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kottke.org posts about How Fascism Works

How Fascism Works

posted by Jason Kottke   Nov 12, 2018

Yale philosopher Jason Stanley recently published a book called How Fascism Works: The Politics of Us and Them. Sean Illing interviewed him for Vox about what fascism is and isn’t and whether Trump is practicing fascist politics (spoiler alert: yes). I found this bit about how America is particularly susceptible to fascism interesting (italics mine…that is an amazingly succinct paragraph about American culture):

Well, the Ku Klux Klan deeply affected Adolf Hitler. He explicitly praised the 1924 Immigration Act, which severely limited the number of immigrants allowed to enter the US, as a useful model.

The 1920s and the 1930s was a very fascist time in the United States. You’ve got very patriarchal family values and a politics of resentment aimed at black Americans and other groups as internal threats, and this gets exported to Europe.

So we have a long history of genocide against native peoples and anti-black racism and anti-immigration hysteria, and at the same time there’s a strain of American exceptionalism, which manifests as a kind of mythological history and encourages Americans to think of their own country as a unique force for good.

This doesn’t make America a fascist country, but all of these ingredients are easily channeled into a fascist politics.

This has been on my mind lately; here’s what I wrote a couple of weeks ago, reflecting on a trip to Berlin:

With overt anti-Semitism growing in the US (as well as other things like the current administration’s policies on immigration and jailing of children in concentration camps), it’s instructive to compare the German remembrance of the Holocaust to America’s relative lack of public introspection & remembrance about its dark history.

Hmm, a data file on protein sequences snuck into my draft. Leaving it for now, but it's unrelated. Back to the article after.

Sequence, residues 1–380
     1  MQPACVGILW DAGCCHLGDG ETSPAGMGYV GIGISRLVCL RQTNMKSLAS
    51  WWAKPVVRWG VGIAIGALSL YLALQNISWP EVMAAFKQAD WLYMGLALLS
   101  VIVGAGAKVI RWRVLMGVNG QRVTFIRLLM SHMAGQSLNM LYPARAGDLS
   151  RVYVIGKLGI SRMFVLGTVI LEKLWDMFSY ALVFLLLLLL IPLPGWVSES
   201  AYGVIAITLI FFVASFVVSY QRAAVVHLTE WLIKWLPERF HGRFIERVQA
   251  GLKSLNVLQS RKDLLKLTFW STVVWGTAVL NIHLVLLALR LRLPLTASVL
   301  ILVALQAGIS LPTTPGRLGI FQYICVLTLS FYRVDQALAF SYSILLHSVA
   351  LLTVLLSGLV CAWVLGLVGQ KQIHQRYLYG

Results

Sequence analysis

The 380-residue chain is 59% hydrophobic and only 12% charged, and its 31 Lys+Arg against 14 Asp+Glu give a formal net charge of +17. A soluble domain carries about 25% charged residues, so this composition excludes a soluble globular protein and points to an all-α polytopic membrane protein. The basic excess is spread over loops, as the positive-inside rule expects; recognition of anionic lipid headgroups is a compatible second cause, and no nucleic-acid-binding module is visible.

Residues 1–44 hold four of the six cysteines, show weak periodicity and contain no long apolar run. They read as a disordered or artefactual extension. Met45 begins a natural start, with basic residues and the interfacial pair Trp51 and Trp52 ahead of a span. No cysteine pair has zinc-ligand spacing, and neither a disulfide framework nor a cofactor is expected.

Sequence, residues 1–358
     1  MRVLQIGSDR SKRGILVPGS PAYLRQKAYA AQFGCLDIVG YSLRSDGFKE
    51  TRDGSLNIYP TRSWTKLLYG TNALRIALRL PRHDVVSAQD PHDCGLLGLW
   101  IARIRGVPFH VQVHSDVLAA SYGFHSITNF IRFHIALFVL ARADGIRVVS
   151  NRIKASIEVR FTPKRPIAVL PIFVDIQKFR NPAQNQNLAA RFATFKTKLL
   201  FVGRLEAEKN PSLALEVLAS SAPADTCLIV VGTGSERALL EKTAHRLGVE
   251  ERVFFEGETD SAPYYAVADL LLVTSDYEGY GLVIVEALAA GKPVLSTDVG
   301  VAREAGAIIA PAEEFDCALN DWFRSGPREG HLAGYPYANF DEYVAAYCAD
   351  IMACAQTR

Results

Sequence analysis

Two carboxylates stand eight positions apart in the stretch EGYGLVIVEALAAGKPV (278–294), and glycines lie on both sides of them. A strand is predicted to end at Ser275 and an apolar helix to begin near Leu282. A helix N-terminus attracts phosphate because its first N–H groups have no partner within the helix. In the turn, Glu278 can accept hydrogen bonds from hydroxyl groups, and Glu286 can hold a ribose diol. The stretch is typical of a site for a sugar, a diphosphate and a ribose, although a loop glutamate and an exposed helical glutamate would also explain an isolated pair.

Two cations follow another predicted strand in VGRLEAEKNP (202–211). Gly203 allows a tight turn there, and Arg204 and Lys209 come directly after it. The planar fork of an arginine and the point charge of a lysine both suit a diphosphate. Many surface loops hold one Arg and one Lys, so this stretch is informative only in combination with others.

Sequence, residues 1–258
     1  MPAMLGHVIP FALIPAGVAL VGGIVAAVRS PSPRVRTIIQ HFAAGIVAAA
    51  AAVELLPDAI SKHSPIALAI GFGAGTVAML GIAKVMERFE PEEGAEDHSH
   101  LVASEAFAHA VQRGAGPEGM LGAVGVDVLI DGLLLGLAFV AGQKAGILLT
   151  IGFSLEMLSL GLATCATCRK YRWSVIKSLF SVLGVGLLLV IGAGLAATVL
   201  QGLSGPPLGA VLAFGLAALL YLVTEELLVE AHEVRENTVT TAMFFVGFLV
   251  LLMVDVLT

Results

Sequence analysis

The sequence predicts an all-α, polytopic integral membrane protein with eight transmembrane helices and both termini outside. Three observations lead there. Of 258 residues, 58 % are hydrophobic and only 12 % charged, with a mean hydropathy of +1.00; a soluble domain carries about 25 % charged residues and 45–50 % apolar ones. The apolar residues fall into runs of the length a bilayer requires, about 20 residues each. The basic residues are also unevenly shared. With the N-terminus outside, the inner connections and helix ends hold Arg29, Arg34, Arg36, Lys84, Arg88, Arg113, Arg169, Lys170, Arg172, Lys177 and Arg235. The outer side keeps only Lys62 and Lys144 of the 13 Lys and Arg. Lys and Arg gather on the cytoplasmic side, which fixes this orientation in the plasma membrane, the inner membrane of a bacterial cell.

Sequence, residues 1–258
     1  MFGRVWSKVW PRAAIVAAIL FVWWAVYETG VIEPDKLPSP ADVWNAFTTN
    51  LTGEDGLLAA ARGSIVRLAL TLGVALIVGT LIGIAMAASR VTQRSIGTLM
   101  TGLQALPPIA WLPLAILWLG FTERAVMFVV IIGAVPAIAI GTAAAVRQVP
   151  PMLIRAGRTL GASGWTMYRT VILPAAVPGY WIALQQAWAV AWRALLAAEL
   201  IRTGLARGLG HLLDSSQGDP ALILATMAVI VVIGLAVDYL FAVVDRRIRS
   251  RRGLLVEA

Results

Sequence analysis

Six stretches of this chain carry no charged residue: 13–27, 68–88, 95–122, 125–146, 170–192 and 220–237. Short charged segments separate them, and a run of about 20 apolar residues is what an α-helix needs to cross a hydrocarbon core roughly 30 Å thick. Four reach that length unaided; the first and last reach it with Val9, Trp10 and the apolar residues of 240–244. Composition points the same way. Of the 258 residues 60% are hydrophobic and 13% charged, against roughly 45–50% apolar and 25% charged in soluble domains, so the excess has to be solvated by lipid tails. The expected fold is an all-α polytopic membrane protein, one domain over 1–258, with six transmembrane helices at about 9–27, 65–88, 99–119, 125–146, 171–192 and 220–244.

In particular, as a nation the US has never properly come to terms with the horrors it inflicted on African Americans and Native Americans. We build monuments to Confederate soldiers but very few to the millions enslaved and murdered. Our country committed genocide against native peoples, herded them onto reservations like cattle, and we’re still denying them the right to vote.

See also Umberto Eco’s 14 Features of Eternal Fascism.

Update: In a video for the NY Times called Is President Trump Fascist?, Stanley goes over the three elements that are always present when fascism takes hold of a country.

Open Culture has a good summary of the video if you prefer to read.

Fascist leaders sow division; they succeed by “turning groups against each other,” inflaming historical antagonisms and ancient hatreds for their own advantage. Social divisions in themselves-between classes, religions, ethnic groups and so on-are what we might call pre-existing conditions. Fascists may not invent the hate, but they cynically instrumentalize it: demonizing outgroups, normalizing and naturalizing bigotry, stoking violence to justify repressive “law and order” policies, the curtailing of civil rights and due process, and the mass imprisonment and killing of manufactured enemies.